Plants interact with a large number of microoganisms which have a major impact on their growth either by establishing mutually beneficial symbiotic relationships or by developing as pathogens at the expense of the plant with deleterious effects. These microorganisms differ greatly not only in their nature (viruses, phytoplasmas, bacteria, fungi, nematodes, ... ) but also in the way they contact, penetrate and invade their host. Histology and cytology have brought an essential contribution to our knowledge of these phenomena. They have told us for instance, how specialized structures of the pathogen are often involved in the adhesion and penetration into the plant, how the interface between both organisms is finely arranged at the cellular level, or what structural alterations affect the infected tissues. They have thus set the stage for the investigations of the underlying molecular mechanisms could be undertaken. Such investigations have been remarkably successful in the recent years, expanding considerably our understanding of plant-microorganism interactions in terms of biochemical changes, rapid modifications of enzymatic activities, coordinated gene activation, signal reception and transduction. Biochemistry, molecular biology and cellular physiology have taken precedence in the phytopathologist's set of methods.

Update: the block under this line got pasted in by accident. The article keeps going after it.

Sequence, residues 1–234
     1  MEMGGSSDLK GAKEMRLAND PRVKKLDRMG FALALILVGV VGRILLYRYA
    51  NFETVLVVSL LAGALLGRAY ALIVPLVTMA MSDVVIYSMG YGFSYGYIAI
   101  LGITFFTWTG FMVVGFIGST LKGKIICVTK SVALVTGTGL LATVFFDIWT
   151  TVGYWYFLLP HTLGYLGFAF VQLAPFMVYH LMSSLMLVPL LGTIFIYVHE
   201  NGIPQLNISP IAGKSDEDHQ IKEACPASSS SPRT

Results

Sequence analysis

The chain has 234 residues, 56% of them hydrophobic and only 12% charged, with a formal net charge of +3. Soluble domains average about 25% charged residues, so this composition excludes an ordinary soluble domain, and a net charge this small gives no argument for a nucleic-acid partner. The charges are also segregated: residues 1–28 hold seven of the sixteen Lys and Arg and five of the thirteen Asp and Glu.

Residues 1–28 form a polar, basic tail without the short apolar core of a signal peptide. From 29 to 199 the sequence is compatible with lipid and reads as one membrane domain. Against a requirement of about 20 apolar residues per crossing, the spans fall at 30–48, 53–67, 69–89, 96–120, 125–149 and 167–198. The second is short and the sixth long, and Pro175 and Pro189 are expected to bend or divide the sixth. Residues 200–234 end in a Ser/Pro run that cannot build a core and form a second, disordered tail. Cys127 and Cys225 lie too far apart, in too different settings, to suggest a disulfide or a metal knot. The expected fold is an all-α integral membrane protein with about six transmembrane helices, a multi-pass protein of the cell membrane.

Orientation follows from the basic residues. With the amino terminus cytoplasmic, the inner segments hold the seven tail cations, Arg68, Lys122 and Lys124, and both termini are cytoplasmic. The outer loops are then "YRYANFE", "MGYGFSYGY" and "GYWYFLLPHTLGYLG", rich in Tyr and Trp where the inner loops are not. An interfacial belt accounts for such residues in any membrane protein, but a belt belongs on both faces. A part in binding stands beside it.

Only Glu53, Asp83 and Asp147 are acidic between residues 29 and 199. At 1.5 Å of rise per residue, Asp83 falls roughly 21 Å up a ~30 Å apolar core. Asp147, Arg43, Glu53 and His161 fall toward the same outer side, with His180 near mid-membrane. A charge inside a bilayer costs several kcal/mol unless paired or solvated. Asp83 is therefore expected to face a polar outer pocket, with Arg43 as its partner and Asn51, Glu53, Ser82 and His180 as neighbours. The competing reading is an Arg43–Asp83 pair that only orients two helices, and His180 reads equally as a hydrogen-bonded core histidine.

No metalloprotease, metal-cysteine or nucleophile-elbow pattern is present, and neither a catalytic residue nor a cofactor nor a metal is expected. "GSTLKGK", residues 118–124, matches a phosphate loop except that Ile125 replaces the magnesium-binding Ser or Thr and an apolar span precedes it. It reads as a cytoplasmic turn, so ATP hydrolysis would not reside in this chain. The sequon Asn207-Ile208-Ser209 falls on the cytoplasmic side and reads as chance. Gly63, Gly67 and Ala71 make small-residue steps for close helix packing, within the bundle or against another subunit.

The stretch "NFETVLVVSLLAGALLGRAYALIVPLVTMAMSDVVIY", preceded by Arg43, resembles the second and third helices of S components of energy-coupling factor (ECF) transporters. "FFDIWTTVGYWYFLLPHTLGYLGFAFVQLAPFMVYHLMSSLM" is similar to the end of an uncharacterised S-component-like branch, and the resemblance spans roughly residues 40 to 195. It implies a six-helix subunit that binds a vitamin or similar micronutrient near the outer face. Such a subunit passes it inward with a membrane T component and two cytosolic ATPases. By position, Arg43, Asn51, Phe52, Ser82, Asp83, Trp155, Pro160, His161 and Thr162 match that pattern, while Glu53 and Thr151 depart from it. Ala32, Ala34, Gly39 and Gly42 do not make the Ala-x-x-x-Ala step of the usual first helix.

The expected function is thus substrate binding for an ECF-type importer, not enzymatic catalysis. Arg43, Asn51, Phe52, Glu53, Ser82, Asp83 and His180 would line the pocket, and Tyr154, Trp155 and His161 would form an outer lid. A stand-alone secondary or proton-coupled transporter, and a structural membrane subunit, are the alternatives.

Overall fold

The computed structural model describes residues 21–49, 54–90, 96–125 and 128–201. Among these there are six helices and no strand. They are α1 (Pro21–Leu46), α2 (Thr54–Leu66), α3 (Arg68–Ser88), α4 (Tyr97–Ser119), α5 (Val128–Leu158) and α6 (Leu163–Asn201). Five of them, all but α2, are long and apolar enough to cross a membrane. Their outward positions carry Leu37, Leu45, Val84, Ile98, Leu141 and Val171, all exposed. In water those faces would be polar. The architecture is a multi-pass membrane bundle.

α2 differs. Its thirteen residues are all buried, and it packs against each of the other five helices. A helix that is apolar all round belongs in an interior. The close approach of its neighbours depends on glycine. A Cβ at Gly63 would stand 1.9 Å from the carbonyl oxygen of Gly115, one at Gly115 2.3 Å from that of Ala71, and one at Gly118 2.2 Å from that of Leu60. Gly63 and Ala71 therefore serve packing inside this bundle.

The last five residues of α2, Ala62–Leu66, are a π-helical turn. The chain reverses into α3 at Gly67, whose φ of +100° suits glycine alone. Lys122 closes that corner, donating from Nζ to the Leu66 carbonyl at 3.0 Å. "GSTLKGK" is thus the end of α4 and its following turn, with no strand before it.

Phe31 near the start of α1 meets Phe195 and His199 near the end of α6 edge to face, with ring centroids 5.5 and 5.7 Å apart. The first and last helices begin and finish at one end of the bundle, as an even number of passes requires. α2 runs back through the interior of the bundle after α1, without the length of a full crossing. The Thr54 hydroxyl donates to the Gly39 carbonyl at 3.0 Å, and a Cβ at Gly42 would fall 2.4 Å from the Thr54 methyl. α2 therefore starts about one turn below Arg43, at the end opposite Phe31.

Table of ContentsImage analysis in biology; C. Souchier. In situ Hybridization to RNA in Plant Biology; J. Brangeon. In Situ Detection of Polyphenols During Plant-Microorganism Interactions; C. Andary, et al. Gold Cytochemistry Applied to the Study of Plant Defense Reactions; N. Benhamou. Use of Monoclonal Antibodies to Study Differentiation of Colletotrichum Infection Structures; R.O. Connell, et al. The Plant Cell Wall, First Barrier of Interface for Microorganisms: in situ Approaches to Understanding Interactions; B. Vian, et al. Adhesion of Fungal Propagules. Significance to the Success of the Fungal Infection Process; R. Nicholson. Cellular Aspects of Rust Infection Structure Differentiation. Spore Adhesion and Fungal Morphogenesis; H. Deising, et al. Structural and Functional Aspects of Mycobiont-Photobiont Relationships in Lichens Compared with Mycorrhizae and Plant Pathogenic Interactions; R.M. Honegger. Root Defence Responses in Relation to Cell and Tissue Invasion by Symbiotic Microorganisms: Cytological Investigations; V. Gianinazzi-Pearson, et al. Histology and Cytochemistry of Interactions Between Plants and Xanthomonads; B. Boher, et al. Compartmentalization in Trees: New Findings During the Study of Dutch Elm Disease; D. Rioux. Virus of Plant Trypanosomes (Phytomonas spp.); M. Dollet, et al. Plant Cell Modifications by Parasitic Nematodes; W. Robertson. In situ Detection of Grapevine Flavescence Doré Phytoplasmas and Their Infection Cycle in Experimental and Natural Host Plants; J. Lherminier, E. Boudon-Padieu. Author Index. Subject Index.